A Chinese court sentences four employees of in a case seen as a barometer of China's treatment of foreign business as trade frictions increase.
Jail for four in Rio Tinto bribery case
A Chinese court today sentenced four employees of mining giant Rio Tinto to jail terms of seven to 14 years on bribery and commercial secrets charges, in a case seen as a barometer of China's treatment of foreign business as trade frictions increase. The court in Shanghai found Australian national Stern Hu and three Chinese co-workers guilty of all charges. It sentenced Hu to seven years on the bribery charges and five years on the stealing commercial secrets charges, but said he will serve 10 years, apparently receiving a reduced total because he admitted to bribery.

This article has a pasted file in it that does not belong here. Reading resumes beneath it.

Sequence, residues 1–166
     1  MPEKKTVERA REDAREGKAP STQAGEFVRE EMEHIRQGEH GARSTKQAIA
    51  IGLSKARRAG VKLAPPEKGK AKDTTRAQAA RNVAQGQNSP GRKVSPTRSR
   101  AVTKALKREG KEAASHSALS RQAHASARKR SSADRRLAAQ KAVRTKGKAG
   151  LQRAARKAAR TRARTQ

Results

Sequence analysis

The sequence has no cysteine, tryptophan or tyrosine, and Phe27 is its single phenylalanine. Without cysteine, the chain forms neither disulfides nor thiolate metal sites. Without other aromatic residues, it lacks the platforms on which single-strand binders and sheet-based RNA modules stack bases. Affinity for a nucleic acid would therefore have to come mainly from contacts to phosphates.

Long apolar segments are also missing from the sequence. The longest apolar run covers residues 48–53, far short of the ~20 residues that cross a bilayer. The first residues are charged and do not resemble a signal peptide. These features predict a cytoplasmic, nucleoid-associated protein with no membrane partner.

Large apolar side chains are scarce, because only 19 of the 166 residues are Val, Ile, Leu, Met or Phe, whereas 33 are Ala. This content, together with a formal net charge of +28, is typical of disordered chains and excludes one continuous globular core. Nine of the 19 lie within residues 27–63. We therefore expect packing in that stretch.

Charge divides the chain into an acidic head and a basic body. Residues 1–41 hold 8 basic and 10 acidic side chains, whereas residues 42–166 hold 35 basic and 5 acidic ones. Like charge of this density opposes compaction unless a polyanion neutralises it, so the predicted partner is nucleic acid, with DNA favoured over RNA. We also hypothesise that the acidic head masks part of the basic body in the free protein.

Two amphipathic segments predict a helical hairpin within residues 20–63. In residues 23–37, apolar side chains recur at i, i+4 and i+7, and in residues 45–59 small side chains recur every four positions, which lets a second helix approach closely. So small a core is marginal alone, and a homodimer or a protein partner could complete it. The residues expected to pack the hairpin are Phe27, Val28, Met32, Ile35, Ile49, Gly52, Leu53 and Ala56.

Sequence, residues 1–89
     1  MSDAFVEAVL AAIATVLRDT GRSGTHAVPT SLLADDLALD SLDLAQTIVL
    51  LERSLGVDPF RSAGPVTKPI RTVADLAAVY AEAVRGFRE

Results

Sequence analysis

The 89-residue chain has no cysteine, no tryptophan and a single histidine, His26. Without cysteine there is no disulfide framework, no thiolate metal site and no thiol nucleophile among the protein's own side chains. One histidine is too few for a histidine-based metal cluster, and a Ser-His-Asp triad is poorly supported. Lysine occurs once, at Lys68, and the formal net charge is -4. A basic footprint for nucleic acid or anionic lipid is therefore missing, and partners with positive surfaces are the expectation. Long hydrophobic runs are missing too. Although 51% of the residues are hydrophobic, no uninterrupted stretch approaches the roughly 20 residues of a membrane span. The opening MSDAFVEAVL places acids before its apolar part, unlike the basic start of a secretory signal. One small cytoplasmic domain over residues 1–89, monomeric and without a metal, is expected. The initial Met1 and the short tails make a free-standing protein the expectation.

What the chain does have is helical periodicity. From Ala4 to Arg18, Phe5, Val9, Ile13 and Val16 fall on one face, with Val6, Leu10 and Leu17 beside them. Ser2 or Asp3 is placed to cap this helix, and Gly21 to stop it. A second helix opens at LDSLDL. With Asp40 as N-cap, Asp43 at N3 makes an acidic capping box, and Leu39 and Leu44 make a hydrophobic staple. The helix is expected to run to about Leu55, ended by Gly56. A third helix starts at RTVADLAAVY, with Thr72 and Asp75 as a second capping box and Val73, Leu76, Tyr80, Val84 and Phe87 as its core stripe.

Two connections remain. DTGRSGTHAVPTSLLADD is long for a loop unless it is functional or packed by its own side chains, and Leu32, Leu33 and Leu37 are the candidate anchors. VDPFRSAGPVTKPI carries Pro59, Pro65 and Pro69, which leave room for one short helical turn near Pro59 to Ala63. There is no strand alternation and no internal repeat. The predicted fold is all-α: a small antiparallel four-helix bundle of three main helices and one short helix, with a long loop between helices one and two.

The sentences were much stiffer than had been expected by Australian media. The arrests of the Rio Tinto employees last August were initially thought linked to Beijing's anger over high prices it paid for iron ore - a key commodity for China's booming economy. Rio Tinto, based in London and Melbourne, is one of the top suppliers of ore to China and a key industry negotiator in price talks with China's state-owned steel mills. The two sides are in another standoff this year in price negotiations. The longest term of 14 years was given to Wang Yong, of which 13 years was for accepting bribes. Reports last week on the website of the Chinese financial magazine Caijing said Wang was accused of receiving US$9 million (Dh33.1m) from Du Shuanghua, a steel tycoon whose company, Rizhao, has chafed at the state-dominated pricing arrangements, setting his own agreements with overseas ore suppliers. The judge told the court that the case had caused "severe" losses to China's steelmaking industry and had hurt the interests of the country. The other defendants, Ge Minqiang and Liu Caikui, were sentenced to jail terms of eight and seven years respectively. All had pleaded guilty in a three-day trial last week to the bribery charges, but had disputed the amounts they were alleged to have accepted. Hu's lawyer Jin Chunqing told the Associated Press that an appeal had not yet been decided. "We haven't decided yet if we would appeal to the higher court or what we should do for the next step, as we need to meet and discuss with Stern face to face, and as soon as possible," Mr Jin said. Calls to lawyers for the others were not immediately answered. There have been no reports about what has happened to the people who bribed the four. * AP